ITHAKA hosted our annual Sustainable Scholarship Conference in October, bringing together librarians, publishers, scholarly society leaders, and a variety of others interested in how higher education is changing as a result of new technologies. This year’s theme was “The Question of Quality: New Forms of Grading, Credentialing, and Peer Review in the Digital World.” Videos of the presentations are now available online.  Here are some highlights:
  • Keynote: Kevin Guthrie, president of ITHAKA, focused on some of the key drivers of overall change in the present environment, such as the tendency for anything that can move to the cloud to do so and the implications of the data trails that user activity leave behind for analysis and for service development. While these issues impact many sectors, higher education is by no means an exception.  Kevin offered scenarios of some implications for how university instruction is delivered.
  • Next Gen Peer Review: This panel featured Peter Binfield of PeerJ and Kathleen Fitzpatrick of MLA, each sharing some of the many opportunities to move beyond a traditional peer review system in an online environment.
  • Credentialing: Diploma, Certificate, or Badge?: A panel on credentialing featured Sheryl Grant of HASTAC offering an overview of how badges work and their potential importance, Sandra Cook explaining the ways in which the Kentucky Community and Technical College System provides a parallel system of online education, and Dale Stephens advocating for individuals taking control of their own educations rather than ceding authority to schools and colleges.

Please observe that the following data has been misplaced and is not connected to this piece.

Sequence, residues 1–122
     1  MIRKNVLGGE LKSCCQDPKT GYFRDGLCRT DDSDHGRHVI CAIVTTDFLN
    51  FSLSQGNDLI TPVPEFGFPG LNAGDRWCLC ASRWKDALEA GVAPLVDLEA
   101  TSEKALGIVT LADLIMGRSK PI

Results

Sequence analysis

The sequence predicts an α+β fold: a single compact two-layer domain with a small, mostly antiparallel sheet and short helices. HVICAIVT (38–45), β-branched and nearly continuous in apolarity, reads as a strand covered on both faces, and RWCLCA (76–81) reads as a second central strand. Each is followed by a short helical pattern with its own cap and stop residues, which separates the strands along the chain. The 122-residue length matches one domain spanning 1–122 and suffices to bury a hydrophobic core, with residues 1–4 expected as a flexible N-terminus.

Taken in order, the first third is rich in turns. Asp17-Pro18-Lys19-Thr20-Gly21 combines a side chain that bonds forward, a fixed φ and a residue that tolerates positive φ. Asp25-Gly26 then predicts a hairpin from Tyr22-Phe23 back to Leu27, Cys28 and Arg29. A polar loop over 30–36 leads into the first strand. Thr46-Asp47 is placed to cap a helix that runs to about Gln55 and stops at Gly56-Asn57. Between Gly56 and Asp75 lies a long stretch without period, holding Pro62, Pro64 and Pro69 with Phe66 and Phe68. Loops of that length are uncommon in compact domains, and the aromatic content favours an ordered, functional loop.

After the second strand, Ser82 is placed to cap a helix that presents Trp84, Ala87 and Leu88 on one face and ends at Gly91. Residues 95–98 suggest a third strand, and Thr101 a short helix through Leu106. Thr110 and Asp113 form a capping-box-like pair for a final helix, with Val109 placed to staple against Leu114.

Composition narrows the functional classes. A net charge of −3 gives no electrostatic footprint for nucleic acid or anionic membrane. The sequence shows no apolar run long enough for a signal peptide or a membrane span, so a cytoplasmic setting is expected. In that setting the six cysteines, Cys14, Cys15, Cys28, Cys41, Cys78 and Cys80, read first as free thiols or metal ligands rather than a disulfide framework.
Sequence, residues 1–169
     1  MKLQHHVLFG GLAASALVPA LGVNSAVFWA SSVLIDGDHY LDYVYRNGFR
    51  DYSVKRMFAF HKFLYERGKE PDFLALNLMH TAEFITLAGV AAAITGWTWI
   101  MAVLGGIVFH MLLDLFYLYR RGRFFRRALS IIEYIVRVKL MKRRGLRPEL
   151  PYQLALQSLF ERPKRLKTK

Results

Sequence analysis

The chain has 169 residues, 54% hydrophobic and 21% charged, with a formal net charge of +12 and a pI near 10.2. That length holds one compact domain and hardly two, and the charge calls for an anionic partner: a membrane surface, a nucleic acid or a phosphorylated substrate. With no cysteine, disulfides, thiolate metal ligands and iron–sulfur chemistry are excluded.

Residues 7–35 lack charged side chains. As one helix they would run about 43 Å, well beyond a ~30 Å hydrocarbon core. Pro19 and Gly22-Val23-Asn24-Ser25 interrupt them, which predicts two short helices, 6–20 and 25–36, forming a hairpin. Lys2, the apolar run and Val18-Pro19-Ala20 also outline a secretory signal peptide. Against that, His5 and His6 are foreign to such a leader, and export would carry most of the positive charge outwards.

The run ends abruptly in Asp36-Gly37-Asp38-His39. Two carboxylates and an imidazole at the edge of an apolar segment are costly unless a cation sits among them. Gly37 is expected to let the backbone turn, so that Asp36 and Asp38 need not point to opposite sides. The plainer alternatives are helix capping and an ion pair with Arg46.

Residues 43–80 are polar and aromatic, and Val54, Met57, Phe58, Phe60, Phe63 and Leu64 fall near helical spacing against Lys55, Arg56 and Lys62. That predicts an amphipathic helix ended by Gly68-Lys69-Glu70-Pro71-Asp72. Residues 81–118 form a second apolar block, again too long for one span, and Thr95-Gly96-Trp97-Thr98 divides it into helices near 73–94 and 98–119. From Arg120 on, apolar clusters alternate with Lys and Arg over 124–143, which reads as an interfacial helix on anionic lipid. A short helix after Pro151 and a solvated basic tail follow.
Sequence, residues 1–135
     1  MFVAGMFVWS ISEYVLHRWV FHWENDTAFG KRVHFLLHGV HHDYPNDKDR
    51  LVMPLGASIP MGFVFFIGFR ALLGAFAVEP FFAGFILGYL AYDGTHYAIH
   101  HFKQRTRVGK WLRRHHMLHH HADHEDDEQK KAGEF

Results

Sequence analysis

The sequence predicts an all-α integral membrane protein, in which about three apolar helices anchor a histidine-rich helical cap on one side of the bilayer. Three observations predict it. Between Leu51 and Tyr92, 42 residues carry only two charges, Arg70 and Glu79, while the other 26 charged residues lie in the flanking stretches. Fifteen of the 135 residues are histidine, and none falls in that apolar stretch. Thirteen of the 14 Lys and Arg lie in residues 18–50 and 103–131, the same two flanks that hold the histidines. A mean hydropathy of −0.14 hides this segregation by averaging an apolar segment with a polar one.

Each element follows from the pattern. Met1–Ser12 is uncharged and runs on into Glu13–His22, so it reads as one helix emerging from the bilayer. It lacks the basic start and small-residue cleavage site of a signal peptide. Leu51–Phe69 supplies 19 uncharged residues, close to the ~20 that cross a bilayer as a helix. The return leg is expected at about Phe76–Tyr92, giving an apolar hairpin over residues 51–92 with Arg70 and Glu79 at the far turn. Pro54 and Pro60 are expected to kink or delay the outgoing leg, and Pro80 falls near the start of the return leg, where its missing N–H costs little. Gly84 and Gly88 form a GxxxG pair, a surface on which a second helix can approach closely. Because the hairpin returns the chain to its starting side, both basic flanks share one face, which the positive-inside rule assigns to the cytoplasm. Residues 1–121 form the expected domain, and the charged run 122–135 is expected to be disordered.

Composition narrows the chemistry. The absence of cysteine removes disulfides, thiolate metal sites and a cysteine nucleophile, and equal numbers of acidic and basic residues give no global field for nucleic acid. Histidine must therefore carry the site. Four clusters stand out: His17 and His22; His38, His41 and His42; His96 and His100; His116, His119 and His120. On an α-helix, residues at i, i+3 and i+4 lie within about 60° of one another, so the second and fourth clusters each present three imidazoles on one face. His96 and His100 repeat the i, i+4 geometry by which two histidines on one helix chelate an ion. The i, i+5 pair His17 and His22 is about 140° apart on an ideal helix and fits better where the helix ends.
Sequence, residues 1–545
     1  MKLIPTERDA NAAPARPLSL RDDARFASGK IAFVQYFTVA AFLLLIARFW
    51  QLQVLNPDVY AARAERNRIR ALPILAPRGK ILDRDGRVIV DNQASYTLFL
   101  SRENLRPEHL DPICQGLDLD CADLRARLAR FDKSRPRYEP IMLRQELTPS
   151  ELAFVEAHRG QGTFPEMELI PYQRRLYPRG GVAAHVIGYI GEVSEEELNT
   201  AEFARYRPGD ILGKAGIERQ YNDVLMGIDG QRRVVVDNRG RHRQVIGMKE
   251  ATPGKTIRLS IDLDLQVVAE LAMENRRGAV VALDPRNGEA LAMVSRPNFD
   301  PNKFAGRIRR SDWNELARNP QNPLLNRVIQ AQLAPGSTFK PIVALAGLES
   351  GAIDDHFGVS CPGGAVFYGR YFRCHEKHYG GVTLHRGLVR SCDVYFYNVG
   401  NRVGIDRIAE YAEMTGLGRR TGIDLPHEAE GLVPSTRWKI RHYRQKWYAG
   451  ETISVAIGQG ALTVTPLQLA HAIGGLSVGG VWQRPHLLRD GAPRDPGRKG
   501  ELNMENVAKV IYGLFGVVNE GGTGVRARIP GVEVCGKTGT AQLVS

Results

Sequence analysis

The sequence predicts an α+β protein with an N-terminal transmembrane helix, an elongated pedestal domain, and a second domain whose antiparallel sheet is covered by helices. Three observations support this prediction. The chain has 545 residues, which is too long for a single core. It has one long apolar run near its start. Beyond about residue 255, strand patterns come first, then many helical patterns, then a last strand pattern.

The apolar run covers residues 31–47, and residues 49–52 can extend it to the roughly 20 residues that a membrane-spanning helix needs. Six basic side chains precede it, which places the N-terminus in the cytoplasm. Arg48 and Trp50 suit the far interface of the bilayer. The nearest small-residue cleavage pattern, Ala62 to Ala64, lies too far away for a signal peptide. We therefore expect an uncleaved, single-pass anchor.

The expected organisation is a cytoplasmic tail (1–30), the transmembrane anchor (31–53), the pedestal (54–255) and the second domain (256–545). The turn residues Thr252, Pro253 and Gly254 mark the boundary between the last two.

• Online Learning: Daphne Koller discussed the development and progress of Coursera with Douglas Fischer explaining how he had adapted a Coursera course for a computer science course he teaches at Vanderbilt.  A discussion followed between Fischer’s student Kirstin Celeste Early and former Tufts president Larry Bacow about the student perspective on taking such a course.
  • Closing Panel: Reflections and Impact:  It was a busy day on a number of innovative topics, which was brought to a close by a discussion panel moderated by Clifford Lynch of CNI and featuring Linda Downs of CAA, Alison Muddit of UC Press, and Brian Schottlaender of UC San Diego.
The interrelated issues of how to define, ensure, and signal quality in a variety of scholarly and educational contexts presented themselves, as expected, throughout the program. One key theme cutting across this diverse set of presentations was how communities nurture new developments: the intellectual community that scholarly societies have traditionally nurtured for their disciplines or that PeerJ is seeking to build across fields; the learning community that MOOCs can establish in distinction to other open education resources by virtue of having students learning in parallel; and the instructional community for online learning that Professor Fischer felt had allowed him to move beyond the isolation of traditional pedagogies. The tensions between expertise and experience that Dale Stephens helped to draw out and that are at the heart of the transition to an online environment were not resolved during Sustainable Scholarship 2012, but they are ones that the higher education community will surely continue to examine and address.